Asha Kiran residents will have to wait longer for new home

Months after deaths of inmates highlighted, home for mentally challenged remains overcrowded


Sonal Matharu | June 16, 2011

Eighteen months after Asha Kiran, a home for mentally challenged, was in the news with 12 residents dying within a month in 2009 due to negligence, the centre still faces an acute problem of overcrowding.

In a capacity for 440, the centre is now shelters 836 women, men and children, as against 730 till 2010. The home’s administration informs that more than 50 percent of residents are severely retarded.

Though the administration assures that things are under control and residents’ needs are taken care of, the government’s promise to shift some of them to other centres to ease the burden off Asha Kiran, is still a distant dream.

“The plan to construct a new building in Lampur in Narela with a capacity of 1,500 has been finalised. The layout is also ready. It will take at least a year or two for construction to complete,” said T C Nakh, administrator, Asha Kiran.

Till then there is no alternative but to keep the residents at their present quarters where one cottage meant for 10 to 12 people is giving shelter to over 30 residents.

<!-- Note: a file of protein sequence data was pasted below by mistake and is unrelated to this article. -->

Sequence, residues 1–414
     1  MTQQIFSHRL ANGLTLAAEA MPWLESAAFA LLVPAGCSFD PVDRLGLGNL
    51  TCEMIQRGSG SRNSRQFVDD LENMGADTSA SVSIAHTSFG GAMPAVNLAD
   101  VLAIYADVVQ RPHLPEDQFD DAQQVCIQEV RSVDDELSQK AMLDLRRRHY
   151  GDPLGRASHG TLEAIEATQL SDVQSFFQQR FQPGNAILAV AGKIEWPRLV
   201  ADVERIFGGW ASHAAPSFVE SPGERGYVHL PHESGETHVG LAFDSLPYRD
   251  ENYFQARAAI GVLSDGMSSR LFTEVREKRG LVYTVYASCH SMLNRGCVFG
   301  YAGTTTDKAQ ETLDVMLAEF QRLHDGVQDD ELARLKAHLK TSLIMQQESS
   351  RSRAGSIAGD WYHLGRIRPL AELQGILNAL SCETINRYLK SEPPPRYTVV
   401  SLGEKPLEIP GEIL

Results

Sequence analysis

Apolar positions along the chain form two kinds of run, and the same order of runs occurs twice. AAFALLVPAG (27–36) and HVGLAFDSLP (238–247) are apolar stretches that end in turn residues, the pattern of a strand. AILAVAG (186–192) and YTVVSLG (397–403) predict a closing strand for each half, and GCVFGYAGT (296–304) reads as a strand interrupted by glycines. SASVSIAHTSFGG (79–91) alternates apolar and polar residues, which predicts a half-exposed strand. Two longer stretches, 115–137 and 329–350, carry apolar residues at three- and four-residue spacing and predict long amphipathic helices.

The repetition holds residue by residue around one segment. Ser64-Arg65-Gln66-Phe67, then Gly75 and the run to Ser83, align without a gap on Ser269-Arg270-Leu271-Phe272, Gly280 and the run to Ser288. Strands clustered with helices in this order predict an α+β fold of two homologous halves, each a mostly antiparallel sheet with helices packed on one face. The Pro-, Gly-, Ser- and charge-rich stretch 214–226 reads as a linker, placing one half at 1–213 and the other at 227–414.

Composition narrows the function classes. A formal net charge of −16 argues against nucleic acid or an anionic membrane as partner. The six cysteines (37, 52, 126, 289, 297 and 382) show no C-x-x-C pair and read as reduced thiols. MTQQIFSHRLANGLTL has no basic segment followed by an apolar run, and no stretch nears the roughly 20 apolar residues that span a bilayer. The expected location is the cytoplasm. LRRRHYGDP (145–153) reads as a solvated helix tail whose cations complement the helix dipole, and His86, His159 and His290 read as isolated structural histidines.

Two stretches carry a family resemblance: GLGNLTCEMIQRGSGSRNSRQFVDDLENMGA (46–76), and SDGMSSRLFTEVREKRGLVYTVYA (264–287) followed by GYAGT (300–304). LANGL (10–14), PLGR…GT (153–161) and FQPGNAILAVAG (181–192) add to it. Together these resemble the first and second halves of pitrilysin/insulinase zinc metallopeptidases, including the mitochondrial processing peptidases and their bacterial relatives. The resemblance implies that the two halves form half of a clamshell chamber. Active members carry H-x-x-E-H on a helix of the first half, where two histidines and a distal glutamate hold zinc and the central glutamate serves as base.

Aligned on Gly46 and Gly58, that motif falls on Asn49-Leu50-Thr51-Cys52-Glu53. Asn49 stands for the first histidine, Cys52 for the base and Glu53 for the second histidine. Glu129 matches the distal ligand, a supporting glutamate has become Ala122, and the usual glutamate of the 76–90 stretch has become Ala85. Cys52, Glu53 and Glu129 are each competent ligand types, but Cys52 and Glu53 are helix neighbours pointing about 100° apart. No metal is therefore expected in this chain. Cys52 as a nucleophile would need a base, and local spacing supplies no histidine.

Delhi’s social welfare minister Kiran Walia said, “We are not considering shifting residents to an alternative location because they get accustomed to one place. But there are arrangements to make more space and hire more aayas there.”

Nakh claims that the facilities at the home have improved drastically. They now have nine in-house doctors and 286 aayas as against four doctors and 46 aayas in 2009. Diapers, hot water bottles and nutritious food is given to all residents. The rooms are also fit with curtains and coolers.

“We cannot refuse admission to any one who meets the criteria. If the court orders them to be accomodated at the centre, we have to make space for them,” said Nakh.

Almost each day the centre gets one or two new entrants, informed superintendent for women’s wing, Sunita Verma.

Delhi government had earlier proposed shifting the residents to old age homes in Dwarka and Bindapur. But the then social welfare minister Mangat Ram Singhal had opposed the move. Nakh said that he was also against the move as the building design did not meet the requirements of the residents.

“The buildings there are multistory with elevators. There are no ramps and no open spaces for the children to play. We cannot send the mentally retarded children to these houses,” he said.

In 2010-11, 11 residents died at the centre. The number was as high as 24 in 2009-10.

“When the home was constructed it wasn’t expected that there would be so much demand. The home is now able to meet only half the demand,” said Walia.



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